|diphthong (ˈdɪfθɒŋ, ˈdɪp-)|
|1.||a vowel sound, occupying a single syllable, during the articulation of which the tongue moves from one position to another, causing a continual change in vowel quality, as in the pronunciation of a in English late, during which the tongue moves from the position of (e) towards ()|
|2.||a digraph or ligature representing a composite vowel such as this, as ae in Caesar|
|[C15: from Late Latin diphthongus, from Greek diphthongos, from |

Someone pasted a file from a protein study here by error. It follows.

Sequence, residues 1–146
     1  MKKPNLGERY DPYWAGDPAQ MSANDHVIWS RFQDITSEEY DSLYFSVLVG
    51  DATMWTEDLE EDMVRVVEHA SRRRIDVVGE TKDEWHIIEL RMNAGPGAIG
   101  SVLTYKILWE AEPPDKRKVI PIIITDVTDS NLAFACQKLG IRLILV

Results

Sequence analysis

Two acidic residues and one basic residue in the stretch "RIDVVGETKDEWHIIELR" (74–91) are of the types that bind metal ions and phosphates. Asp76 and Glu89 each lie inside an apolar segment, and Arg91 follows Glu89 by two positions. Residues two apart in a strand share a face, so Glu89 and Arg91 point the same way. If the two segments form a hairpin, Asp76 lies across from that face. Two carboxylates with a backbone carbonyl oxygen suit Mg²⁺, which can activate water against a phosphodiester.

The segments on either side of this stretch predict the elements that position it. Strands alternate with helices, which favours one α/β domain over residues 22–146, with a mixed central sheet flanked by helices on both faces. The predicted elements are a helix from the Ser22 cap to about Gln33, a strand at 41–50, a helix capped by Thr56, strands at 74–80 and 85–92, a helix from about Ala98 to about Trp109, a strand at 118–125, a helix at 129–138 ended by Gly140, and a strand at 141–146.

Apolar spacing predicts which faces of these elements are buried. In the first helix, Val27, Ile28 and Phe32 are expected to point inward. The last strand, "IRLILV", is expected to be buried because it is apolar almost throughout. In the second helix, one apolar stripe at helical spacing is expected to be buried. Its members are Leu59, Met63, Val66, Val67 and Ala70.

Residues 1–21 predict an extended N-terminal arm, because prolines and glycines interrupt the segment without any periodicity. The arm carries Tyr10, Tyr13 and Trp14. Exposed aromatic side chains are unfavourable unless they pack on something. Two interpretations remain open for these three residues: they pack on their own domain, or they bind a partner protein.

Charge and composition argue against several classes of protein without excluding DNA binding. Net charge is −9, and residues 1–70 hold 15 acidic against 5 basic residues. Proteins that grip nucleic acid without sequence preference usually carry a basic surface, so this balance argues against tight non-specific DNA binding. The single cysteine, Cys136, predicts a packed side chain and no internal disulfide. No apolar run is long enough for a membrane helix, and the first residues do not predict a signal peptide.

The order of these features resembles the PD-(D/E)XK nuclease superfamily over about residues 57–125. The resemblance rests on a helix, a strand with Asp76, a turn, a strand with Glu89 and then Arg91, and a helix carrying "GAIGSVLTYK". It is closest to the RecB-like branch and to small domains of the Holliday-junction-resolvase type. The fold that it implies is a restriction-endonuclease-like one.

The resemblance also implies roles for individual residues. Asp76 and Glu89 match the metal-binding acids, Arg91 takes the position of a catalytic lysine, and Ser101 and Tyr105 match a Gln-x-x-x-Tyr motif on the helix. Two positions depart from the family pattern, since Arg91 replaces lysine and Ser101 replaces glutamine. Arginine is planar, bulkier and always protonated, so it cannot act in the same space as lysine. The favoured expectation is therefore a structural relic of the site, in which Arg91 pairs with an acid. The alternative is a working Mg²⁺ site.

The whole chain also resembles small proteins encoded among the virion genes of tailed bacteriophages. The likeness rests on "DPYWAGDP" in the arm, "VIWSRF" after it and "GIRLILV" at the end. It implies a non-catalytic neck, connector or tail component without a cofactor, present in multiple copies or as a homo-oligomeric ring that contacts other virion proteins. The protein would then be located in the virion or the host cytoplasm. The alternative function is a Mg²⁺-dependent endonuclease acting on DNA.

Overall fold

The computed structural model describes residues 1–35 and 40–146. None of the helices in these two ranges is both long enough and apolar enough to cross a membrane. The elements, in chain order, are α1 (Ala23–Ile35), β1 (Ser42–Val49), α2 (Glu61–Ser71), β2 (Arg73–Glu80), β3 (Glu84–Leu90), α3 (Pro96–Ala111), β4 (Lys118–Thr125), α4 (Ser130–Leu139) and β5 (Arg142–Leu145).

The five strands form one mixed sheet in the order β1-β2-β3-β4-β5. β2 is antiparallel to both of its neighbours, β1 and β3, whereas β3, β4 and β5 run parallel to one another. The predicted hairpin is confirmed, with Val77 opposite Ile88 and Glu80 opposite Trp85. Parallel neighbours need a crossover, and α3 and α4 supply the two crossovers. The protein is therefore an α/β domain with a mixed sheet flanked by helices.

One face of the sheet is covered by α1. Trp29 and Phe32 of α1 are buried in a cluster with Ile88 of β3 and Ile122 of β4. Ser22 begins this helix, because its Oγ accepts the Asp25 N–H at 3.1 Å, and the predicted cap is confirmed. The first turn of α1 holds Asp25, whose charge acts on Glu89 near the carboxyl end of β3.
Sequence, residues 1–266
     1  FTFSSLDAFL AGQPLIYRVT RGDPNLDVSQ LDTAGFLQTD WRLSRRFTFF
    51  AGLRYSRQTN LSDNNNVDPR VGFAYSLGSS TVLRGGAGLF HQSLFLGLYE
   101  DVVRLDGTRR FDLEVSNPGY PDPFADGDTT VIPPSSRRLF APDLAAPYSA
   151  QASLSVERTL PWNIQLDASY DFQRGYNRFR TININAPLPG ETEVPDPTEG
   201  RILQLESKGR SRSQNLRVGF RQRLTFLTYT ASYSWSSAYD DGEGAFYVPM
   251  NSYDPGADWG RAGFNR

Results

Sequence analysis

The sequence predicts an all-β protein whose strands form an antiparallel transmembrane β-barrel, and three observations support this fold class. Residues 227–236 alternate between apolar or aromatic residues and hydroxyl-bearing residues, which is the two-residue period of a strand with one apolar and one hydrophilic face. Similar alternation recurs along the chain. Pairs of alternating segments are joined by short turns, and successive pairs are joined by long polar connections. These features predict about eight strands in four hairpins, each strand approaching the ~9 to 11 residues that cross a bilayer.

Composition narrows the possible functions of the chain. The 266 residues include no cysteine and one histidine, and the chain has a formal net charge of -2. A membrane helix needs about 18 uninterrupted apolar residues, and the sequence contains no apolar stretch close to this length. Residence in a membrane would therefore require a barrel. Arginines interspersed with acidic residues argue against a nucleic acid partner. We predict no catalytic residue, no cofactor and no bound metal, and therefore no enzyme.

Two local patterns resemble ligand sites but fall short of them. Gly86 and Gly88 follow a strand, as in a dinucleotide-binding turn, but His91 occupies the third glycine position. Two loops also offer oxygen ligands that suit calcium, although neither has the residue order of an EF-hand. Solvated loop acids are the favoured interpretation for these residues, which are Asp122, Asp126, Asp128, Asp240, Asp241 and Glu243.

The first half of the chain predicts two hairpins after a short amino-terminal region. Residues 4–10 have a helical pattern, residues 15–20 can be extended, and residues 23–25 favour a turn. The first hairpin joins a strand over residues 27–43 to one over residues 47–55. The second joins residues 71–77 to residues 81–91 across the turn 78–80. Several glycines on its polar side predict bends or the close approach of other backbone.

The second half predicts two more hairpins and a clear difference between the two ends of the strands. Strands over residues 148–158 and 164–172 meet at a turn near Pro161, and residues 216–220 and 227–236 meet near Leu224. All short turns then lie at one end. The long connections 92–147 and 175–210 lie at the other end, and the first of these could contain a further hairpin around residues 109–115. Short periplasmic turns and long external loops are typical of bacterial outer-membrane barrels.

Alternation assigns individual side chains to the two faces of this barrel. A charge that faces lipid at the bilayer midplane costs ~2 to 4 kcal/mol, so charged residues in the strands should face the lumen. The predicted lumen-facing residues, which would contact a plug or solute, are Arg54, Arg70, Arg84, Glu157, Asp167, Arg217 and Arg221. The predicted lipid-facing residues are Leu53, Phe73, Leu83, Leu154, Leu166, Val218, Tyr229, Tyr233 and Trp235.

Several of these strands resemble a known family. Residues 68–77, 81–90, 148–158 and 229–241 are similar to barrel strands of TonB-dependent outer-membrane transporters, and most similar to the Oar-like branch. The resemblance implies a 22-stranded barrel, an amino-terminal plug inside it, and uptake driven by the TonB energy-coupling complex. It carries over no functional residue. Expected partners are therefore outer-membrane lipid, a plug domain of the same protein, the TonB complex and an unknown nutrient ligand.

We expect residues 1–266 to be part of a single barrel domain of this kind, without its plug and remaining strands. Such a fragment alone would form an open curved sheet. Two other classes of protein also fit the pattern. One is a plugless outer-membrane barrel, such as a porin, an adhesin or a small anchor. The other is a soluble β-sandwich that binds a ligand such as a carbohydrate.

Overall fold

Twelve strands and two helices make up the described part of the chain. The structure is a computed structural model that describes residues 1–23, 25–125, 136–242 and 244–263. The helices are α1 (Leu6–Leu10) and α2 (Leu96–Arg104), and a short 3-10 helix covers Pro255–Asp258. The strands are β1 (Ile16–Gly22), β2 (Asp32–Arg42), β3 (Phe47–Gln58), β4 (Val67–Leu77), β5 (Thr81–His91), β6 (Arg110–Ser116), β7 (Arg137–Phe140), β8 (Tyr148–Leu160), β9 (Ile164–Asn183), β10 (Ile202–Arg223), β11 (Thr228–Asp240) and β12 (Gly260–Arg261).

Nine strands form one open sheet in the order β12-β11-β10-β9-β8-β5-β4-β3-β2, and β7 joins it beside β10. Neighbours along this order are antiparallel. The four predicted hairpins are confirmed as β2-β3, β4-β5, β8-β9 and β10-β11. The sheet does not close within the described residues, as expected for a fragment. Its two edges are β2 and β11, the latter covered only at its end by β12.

in phonetics, a gliding vowel in the articulation of which there is a continuous transition from one position to another. Diphthongs are to be contrasted in this respect with so-called pure vowels-i.e., unchanging, or steady state, vowels. Though they are single speech sounds, diphthongs are usually represented, in a phonetic transcription of speech, by means of a pair of characters indicating the initial and final configurations of the vocal tract. Many of the vowel sounds in most dialects of English are diphthongs: e.g., the vowels of "out" and "ice," represented as [au] and [ai], respectively.
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